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What Is a Proxy Server? Working, Types, Benefits, and Challenges – Spiceworks News and Insights

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A proxy sits between the client device and the internet to regulate internet access and mask the client’s IP address.

A proxy server is defined as a remotely hosted software application that sits between the client device and the wider internet to govern and, often, regulate how requests are sent and responses and resources are received while masking the requester’s IP address. This article explains how proxy servers work and discusses the benefits and challenges of using one. 
Every device on a computer network has an internet protocol (IP) address that specifically identifies the device. Similarly, the proxy server is a networked computer with a unique IP address. This allows the proxy server to serve as a bridge between users and the internet. Essentially, it is a server acting as a middleman between visitors and the websites they visit. Depending on the use case, demands, or company policy, proxy servers offer varying degrees of functionality, security, and privacy. 
The history of networking and the internet itself, dating back to the 1970s, is probably where the history of proxy servers begins. The first proxy servers provided a functional and secure separation layer between local-area networks (LAN) and external networks. Early proxies allowed the shared use of single connections between various computing units by establishing a physical connection between the client application and the computer, where they received and transmitted commands.
Over the years, developers continued to produce increasingly promising proxy technologies. This has resulted in advanced proxy servers that can support customization, extension, and simple deployment. Users can even find programmable proxies in the market that can perform high-end networking functions.
Cybersecurity is one of the key reasons to use proxy servers today. They shield endpoints from threats like malware by enforcing web filters or firewalls that can be configured. When someone uses a proxy server, all internet traffic going to the IP they requested passes through the proxy server. The request is then redirected through the same proxy server, and the proxy server sends the information from the website to users. This prevents fraudsters from intercepting your traffic or monitoring online transactions without authorization.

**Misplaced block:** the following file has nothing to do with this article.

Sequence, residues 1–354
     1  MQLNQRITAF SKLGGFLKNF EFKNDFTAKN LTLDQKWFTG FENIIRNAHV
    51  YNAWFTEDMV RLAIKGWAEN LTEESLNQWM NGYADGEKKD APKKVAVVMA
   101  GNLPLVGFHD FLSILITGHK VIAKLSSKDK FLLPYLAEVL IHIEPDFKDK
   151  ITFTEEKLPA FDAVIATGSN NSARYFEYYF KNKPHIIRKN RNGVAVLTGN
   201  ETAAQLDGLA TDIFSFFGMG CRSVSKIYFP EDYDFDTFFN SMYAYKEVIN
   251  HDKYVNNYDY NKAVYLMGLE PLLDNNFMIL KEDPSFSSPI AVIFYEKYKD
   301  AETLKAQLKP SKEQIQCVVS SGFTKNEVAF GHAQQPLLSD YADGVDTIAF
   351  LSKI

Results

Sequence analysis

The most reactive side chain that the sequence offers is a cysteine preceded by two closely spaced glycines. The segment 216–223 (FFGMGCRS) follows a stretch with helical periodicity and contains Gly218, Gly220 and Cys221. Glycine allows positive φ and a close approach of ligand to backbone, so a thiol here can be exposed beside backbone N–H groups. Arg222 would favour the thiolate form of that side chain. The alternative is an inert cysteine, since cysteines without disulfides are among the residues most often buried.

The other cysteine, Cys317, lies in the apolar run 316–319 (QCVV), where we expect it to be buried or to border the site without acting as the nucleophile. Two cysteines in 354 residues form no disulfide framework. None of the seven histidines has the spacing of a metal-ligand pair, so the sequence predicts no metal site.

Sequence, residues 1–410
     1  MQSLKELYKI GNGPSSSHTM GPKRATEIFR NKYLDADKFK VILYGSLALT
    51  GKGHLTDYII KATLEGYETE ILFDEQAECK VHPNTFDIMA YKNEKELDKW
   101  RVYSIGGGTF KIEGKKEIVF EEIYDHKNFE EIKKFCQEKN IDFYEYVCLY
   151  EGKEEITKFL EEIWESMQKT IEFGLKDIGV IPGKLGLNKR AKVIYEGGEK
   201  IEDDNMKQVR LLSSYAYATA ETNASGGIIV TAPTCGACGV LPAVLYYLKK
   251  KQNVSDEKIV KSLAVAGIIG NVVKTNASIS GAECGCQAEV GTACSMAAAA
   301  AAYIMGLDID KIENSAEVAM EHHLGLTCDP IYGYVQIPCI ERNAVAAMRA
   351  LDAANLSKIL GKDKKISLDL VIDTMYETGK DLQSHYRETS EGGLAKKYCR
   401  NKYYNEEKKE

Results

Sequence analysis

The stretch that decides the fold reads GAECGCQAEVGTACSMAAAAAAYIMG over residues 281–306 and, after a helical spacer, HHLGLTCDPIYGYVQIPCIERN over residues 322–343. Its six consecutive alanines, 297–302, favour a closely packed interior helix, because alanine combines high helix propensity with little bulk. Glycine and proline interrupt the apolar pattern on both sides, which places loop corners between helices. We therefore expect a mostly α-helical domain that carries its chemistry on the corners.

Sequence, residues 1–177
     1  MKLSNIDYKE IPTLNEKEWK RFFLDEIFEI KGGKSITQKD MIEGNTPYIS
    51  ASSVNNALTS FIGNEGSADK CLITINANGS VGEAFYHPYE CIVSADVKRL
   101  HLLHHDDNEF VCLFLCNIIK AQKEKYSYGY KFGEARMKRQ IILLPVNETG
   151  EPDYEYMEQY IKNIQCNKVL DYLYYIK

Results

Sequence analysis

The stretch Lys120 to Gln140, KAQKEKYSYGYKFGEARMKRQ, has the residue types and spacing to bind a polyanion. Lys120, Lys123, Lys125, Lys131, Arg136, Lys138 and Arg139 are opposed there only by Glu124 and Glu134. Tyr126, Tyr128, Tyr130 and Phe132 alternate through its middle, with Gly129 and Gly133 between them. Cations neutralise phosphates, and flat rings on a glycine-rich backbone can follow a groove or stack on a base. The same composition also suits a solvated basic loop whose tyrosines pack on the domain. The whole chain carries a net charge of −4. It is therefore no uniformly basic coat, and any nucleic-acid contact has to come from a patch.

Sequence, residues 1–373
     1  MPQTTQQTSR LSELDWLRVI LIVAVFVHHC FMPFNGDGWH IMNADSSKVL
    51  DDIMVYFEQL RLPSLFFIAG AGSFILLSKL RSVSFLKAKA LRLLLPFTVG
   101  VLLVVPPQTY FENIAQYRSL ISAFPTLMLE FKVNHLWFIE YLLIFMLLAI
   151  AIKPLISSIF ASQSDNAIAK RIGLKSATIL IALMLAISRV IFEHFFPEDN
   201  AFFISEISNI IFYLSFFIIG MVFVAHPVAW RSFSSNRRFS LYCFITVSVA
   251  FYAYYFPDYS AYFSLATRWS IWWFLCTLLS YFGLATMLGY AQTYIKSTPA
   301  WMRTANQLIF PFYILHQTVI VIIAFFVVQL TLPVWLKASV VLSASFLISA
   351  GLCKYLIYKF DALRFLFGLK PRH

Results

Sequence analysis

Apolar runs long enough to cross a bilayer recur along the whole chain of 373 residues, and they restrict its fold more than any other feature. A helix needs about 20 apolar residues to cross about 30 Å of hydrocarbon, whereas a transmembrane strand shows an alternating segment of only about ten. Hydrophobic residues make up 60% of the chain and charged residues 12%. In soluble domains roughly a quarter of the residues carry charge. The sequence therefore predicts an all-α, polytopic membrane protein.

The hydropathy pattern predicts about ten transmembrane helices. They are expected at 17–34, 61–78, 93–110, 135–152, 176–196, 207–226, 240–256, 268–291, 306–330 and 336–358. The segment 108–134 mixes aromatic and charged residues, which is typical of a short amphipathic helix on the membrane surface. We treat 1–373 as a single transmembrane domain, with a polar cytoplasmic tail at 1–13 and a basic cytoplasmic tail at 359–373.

This added security is also beneficial when used with a secure web gateway or other email security tools. You can factor in the amount of traffic that a network or specific computers can handle, its level of safety, or both when filtering traffic in this way. 
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Proxy servers can be classified into six types:
Proxy Server Types
Proxy Server Types
Most transparent proxies can be detected close to a corporate network’s external perimeter. It is called transparent because it relays the connection between the user or client and the web without modifying either the request or its response. Transparent proxies are installed mainly to filter or cache content. Such technology may be used by businesses and educational institutions to restrict access to specific websites. To cache data and filter content, libraries may also employ transparent proxies.
In forward proxies, a client’s requests are forwarded by forwarding proxies to a web server. A forward proxy is used to deliver data from groups of users on an internal network, acting as an intermediary between the clients and the internet. It examines each request that’s sent before determining whether or not to establish a connection and also takes actions on the user’s behalf, such as routing the request to the correct destination. 
Internal networks that require a single point of entry are best suited for forwarding proxies. It offers network security for users and enables simple administrative control. A forward proxy, however, might make it more difficult for an organization to meet each end-user’s specific needs.
Anonymous proxies are servers that conceal the client’s IP address, allowing access to resources blocked by firewalls or IP address bans. They could be utilized to increase privacy or as a defense against cyber attacks.